Transition to adulthood
Transition to adulthood is coordinated by the pathway coordinator, with emphasis placed on developing a child or young person’s goals and aspirations, skills and strengths.
The care quality commission report ‘From the Pond into The Sea: Children’s Transition to Adult Health Services‘ (June 2014) highlights the importance of transition:
Young people face lots of challenges when preparing for adult life, all young people require preparation for adulthood and some children and young people will require support from adult services to meet their behavioural, emotional or mental health needs.
The health needs of young people may have been met by the same people who have looked after them for as long as they can remember. However, one of the changes as they reach adulthood is the transfer to an adult environment where they may need to consult several different health and care services. Over the last two decades, there has been much guidance about this process, often referred to as ‘transition’.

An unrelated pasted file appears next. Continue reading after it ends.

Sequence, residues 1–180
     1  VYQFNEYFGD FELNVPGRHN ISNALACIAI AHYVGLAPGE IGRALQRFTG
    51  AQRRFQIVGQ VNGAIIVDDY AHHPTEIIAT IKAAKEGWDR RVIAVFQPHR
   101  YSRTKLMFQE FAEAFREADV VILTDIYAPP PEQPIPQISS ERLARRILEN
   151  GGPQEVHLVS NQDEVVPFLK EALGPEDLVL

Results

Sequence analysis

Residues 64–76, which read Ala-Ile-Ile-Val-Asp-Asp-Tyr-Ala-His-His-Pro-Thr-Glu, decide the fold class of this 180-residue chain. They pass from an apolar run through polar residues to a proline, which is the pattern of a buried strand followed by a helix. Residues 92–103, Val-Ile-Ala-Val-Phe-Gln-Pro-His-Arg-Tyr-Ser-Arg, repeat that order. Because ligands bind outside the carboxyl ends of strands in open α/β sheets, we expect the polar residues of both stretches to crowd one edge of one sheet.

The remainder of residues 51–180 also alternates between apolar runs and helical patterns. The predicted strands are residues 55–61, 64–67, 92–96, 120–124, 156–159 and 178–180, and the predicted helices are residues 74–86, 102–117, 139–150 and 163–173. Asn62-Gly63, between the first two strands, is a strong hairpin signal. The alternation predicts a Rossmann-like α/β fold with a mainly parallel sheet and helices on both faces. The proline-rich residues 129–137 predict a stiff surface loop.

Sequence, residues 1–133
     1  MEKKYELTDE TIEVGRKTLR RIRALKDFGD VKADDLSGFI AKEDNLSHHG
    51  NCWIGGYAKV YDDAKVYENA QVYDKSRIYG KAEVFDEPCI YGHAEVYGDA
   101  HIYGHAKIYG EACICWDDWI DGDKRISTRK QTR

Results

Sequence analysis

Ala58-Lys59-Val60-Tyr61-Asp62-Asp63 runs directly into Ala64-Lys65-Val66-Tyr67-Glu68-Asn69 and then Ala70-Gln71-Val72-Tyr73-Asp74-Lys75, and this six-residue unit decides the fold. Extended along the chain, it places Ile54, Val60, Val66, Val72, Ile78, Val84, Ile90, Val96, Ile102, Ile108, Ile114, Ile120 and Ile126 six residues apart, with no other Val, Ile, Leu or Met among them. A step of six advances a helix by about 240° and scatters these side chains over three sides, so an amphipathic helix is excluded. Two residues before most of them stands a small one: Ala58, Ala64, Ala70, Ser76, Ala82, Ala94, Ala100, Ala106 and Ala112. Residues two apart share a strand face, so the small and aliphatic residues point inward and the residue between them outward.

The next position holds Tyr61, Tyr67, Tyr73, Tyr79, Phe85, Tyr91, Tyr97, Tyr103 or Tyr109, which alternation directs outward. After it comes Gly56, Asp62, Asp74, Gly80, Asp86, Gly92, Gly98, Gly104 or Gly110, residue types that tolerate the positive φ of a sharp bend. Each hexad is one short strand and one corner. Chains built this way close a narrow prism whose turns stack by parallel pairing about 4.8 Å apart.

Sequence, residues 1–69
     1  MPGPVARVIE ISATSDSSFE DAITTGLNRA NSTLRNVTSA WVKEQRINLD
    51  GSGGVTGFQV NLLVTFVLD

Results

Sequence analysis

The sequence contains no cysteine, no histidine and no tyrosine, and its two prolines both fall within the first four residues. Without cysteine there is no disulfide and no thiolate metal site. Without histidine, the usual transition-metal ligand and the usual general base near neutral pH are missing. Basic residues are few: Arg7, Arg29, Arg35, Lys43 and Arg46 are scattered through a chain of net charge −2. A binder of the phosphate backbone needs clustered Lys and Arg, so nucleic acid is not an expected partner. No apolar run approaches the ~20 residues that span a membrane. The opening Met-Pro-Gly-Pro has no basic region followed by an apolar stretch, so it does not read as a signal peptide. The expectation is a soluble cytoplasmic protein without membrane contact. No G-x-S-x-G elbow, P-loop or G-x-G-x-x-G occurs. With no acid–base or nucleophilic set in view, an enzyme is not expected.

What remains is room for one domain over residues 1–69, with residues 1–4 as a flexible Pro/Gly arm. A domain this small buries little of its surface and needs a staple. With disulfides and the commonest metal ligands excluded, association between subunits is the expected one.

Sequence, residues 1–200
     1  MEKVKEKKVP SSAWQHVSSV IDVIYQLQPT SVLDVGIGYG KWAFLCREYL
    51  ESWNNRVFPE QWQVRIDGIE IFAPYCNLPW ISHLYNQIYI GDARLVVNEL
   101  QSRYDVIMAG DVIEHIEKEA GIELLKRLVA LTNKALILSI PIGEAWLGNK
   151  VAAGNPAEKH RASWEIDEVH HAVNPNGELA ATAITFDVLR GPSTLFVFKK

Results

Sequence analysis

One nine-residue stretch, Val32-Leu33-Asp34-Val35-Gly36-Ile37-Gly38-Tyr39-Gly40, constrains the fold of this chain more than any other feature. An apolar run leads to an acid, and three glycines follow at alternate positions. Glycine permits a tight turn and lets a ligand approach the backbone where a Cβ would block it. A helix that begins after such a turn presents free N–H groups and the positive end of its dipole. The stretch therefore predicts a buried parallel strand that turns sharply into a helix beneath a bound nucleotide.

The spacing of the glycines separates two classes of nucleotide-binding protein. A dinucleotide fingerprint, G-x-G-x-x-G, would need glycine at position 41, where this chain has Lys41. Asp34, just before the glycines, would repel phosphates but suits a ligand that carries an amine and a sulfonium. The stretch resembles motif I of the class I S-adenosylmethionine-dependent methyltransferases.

A transition plan needs to be developed to support the move of children and young people to adulthood or adult services. This plan should start at 14 years of age, or even earlier. The CQC guidance stresses the importance of good working arrangements between different health and care services at transition.
Transition to adulthood is coordinated by the pathway coordinator, with emphasis placed on developing a child or young person’s goals and aspiration, skills and strengths.
Step 1: Plan
- Pathway coordinator plans for transition from age 14, or as appropriate.
- A transition plan is formulated and shared with the professionals involved.
- Any medical reports and/or further assessments that may be required are considered.
Step 2: Implement
- Interventions are implemented, including accessing a range of services.
Step 3: Evaluate
- Support is regularly reviewed by the pathway coordinator and appropriate professionals with the child or young person and their parents/carers.